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SELECTBIO Conferences Academic Drug Discovery


Beyond Checkpoint Inhibitors, New Opportunities In Immuno-Oncology

Stuart Farrow, Director of Biology, Cancer Research Technology

The recent remarkable progress in cancer immunotherapy has emphasised the critical importance of understanding the full spectrum of tumour- immune system interactions and how they might be modulated for clinical benefit. Although the concept of using the immune system to target cancer has been recognised for many years, until recently despite intensive research, efforts to realise this have been largely discouraging. One of the major challenges has been the concept of immune tolerance, and recent success with novel therapeutic approaches that break immune tolerance in the tumour has fuelled significant new enthusiasm for cancer immunotherapy. Current breakthroughs have focussed on T-cell- tumour interactions, exemplified by antibodies targeting the T-cell proteins CTLA-4 and PD-1. However it is already clear that the known repertoire of additional “checkpoint” receptors expressed on T-cells may represent additional therapeutic targets to modulate immune tolerance. Looking further into the future, it is exciting to recognise that these direct T-cell tumour interactions are only one aspect of the full tumour immune cycle, and that other well characterised areas of immunology such as immune cell trafficking and antigen presentation now represent new areas for therapeutic discovery in oncology. Furthermore it is also clear that the fields of viral and infectious disease immunology will almost certainly be sources of new therapeutic approaches for cancer, and that consequently an overarching understanding of how to modulate immune tolerance will have enormous implications for clinical benefit across many important human diseases.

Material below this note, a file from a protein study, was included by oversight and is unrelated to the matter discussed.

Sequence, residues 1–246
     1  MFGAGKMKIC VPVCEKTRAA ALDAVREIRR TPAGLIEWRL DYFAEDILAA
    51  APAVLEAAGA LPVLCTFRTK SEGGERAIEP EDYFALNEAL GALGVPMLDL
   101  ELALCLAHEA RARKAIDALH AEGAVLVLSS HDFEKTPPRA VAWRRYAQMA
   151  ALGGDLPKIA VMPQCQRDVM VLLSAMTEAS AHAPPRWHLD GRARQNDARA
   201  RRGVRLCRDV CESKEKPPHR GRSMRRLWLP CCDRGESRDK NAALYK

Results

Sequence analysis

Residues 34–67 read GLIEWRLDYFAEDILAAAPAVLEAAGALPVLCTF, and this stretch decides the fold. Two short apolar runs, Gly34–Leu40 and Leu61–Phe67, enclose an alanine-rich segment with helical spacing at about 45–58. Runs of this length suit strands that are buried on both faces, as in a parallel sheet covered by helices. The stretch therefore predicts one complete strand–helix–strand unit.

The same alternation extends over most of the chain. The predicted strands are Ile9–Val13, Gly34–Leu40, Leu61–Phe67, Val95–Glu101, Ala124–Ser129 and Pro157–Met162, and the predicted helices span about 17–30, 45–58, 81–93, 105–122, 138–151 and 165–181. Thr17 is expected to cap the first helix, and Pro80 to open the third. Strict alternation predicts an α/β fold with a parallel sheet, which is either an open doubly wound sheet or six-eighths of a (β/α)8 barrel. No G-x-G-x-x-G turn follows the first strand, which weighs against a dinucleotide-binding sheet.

Add to Calendar ▼2017-03-06 00:00:002017-03-07 00:00:00Europe/LondonAcademic Drug